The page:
I believe that it might be possible and legal -- all joking aside -- to arm a larger cruising sailboat. As I understand the UK laws, you can carry whatever weapons you want to on a UK flagged vessel as long as you don't enter UK waters with them on board. I would think you could buy or maybe even rent heavier weapons like a 50 caliber machine gun, which aren't even that expensive to begin with. I bet the Israelis would be glad to sell them to you. Then hire a couple of ex Green Berets to go with you through the tough part.

One boat armed like that could protect a whole convoy; the cost could be split. Agree ahead of time with a legitimate arms dealer on the other side to buy your weapons at a steep discount and take them off before you enter the next port. Or just throw them overboard. Or sell or give them to cruisers coming the other way.

A couple of ex Green Berets could have a nice business hiring themselves out together with their own weapons. No need for a whole gunboat.


Or you can just hire these guys:

Hired guns secure ships, stir controversy | Muse Pro Group

It's a Ukrainian company which, cleverly, uses specially trained and armed Yemeni coast guards. One transit costs $25,000. Split between ten yachts that seems pretty reasonable to me.
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Old 14-10-2010, 08:25   #117
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I like that 50 cal machine gun on the foredeck idea. Besides thwarting pirates it makes fishing while underway a lot more productive. See below:
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Old 14-10-2010, 13:53   #118
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i agree with you 100%

i was thinking the same thing there are self protection paintball's that are filled with some nasty stuff same as regular paintballs if you can freeze them fast they dont stretch and that is like shooting a pall bearing out of a cannon. all of my paintball guns shoot upwards of 15 balls per second its a pretty intimidating thing seeing these balls flying at you hahaha.

i was also thinking the exact same thing as the marlin rifles there inexpensive you pick them up some were cheap you have them for protection and you dump them over the side when you are out of the trouble areas.

also illegal but a couple of M80 fireworks thrown in there boat will sure cause some fuss.

I like the idea of the false rifles..but I wouldn't go there...some folks who are desperate don't bluff well..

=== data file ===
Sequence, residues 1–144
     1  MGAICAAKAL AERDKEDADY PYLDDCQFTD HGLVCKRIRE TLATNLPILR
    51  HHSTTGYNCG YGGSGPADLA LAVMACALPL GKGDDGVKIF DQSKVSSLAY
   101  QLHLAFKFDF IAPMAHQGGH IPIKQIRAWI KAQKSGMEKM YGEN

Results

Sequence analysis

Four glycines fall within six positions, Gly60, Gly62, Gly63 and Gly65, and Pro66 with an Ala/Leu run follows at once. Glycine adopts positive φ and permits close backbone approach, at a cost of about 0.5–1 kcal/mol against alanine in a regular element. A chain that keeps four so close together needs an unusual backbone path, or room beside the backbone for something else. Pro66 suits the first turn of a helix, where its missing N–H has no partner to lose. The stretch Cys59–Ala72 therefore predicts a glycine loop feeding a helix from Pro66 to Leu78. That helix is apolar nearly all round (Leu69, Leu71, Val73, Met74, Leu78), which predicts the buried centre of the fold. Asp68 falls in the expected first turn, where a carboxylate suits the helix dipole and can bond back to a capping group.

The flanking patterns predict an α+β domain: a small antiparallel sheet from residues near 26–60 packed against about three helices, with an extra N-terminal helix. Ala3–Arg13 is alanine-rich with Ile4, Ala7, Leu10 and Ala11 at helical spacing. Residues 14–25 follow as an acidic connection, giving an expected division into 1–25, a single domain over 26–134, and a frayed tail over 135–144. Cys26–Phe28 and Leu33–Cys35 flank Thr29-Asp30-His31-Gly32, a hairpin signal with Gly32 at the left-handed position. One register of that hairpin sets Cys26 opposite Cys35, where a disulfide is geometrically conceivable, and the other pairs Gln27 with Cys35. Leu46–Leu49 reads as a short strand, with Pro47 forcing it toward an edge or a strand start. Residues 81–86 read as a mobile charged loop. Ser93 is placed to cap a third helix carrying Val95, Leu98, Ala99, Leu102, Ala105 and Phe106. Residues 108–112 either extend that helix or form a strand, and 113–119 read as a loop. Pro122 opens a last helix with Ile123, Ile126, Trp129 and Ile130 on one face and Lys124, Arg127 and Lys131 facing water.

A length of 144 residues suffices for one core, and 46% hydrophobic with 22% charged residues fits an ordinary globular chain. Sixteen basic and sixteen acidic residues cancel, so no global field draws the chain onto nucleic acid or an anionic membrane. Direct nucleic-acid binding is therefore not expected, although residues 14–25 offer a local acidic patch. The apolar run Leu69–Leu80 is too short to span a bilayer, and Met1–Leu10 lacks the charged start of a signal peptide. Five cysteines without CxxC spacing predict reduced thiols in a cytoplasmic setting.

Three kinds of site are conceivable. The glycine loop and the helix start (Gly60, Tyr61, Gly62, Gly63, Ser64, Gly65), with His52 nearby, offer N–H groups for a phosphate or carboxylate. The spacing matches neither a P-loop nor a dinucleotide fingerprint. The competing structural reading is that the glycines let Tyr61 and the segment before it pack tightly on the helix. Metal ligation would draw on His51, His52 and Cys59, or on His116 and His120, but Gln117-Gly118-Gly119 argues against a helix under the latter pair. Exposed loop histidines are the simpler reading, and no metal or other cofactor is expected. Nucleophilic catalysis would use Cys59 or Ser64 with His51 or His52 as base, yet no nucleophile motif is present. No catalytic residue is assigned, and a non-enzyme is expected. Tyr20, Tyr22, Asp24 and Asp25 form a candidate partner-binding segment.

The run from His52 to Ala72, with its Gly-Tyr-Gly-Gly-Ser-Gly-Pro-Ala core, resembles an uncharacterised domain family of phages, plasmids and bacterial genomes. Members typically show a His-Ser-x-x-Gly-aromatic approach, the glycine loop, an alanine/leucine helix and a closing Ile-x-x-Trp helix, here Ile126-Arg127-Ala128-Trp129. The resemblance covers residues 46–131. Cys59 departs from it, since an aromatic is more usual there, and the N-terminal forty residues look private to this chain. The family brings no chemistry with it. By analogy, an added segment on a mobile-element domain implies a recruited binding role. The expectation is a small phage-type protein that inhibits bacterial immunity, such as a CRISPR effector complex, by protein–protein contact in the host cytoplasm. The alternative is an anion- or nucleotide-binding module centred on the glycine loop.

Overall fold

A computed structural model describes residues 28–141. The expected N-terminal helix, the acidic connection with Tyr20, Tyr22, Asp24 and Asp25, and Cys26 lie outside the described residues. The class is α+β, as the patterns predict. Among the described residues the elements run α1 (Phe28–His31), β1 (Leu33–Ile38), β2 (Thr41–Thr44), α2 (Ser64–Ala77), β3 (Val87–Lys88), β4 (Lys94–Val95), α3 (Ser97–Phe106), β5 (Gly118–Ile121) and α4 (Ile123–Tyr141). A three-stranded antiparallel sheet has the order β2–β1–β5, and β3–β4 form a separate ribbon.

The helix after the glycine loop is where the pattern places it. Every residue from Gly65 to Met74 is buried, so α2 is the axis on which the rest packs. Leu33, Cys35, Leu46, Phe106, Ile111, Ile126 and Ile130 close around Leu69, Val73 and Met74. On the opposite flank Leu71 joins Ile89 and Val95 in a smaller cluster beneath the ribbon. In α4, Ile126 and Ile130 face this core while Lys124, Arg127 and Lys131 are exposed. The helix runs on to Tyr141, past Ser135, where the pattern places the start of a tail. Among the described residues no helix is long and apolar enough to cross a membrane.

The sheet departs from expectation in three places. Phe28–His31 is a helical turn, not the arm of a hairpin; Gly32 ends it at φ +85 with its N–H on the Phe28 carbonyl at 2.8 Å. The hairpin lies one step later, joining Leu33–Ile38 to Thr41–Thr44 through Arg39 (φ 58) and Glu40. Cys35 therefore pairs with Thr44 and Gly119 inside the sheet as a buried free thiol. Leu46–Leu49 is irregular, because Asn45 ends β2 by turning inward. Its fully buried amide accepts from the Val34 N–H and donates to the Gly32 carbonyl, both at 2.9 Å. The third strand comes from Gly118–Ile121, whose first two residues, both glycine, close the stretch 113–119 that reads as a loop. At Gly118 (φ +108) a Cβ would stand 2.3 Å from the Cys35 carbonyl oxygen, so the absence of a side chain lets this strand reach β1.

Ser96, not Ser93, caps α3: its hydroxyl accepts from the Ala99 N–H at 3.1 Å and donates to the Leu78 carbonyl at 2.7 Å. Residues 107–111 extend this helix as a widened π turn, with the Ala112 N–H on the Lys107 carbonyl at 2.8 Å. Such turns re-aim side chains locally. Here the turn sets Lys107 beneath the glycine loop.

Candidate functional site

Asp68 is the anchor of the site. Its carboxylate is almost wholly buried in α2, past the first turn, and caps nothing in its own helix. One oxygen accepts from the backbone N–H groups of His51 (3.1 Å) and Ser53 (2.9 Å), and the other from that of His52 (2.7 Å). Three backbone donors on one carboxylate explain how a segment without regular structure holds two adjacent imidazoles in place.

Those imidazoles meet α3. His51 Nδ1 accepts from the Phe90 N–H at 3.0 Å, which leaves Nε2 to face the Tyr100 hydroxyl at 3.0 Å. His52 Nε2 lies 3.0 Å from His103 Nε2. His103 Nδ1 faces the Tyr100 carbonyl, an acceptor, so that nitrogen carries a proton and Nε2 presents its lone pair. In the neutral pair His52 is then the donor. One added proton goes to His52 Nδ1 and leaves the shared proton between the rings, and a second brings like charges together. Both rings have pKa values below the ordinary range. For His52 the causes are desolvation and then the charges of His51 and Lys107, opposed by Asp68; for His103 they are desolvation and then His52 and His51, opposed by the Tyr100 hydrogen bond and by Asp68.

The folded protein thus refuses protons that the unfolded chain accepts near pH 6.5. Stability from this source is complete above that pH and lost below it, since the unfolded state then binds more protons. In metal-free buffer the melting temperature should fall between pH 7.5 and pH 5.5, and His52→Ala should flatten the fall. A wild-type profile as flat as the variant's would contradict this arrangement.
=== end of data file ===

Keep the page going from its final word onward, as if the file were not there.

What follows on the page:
85 parts gas, 14 parts eggs and 1 part salt in a glass jar makes pretty good napalm..ditto laundry detergent and gas...

as a pretty close to last ditch effort..a 12 gauge flare to the chest at point blank range is gonna ruin someone's day.

Spear gun likewise...

those are last ditch efforts..

Personally...I would not go there unarmed..but then, my entire career has been blowing up other peoples toys with very expensive hardware..

If I were going through there, I'd have a minimum of 2 marlin papoose .22 rifles,
1 small frame glock .40, and a lightweight easily concealable single shot 7mm or larger rifle..the purpose being to reach farther than the Kalishikov...or the Paki knockoff version...
Sooo..I doubt I'll ever go there..I have had quite enough of that part of the world in the last 20 years...

Oh..there is a such thing as oleoresin capsaicin .68 caliber paintballs...one in the vicinity of a headshot...WILL stop 99% of the human population..don't ask me why I know this. And a .68 automag paintball gun..a good shooter can get 8 balls a second in the air...nice.

And yes..Capetown is nice.[/QUOTE]
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Old 14-10-2010, 14:16   #119
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a little bit about me. i am 18 years old i grew up around boats but do not have to much experience on them.
i am currently finishing up college and will with any luck be enlisting in the coastguard and be off to basic training by the end of December!

Samson- Those quotes are from your Meets and Greets today. Here you have "spent a career blowing up toys wit very expensive hardware." You've also had "enough of that part of the world for the last 20 years".

Which is it? Pleased to meet you...hope you guessed my name-Rolling Stones
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Old 14-10-2010, 16:24   #120
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i am currently finishing up college and will with any luck be enlisting in the coastguard and be off to basic training by the end of December!

Samson- Those quotes are from your Meets and Greets today. Here you have "spent a career blowing up toys wit very expensive hardware." You've also had "enough of that part of the world for the last 20 years".

Which is it? Pleased to meet you...hope you guessed my name-Rolling Stones
MMMMmmm... interesting!... think I'll put my feet up, knock the top off the flagon, and watch this one develop. Love it when a couple of noobies climb into the ring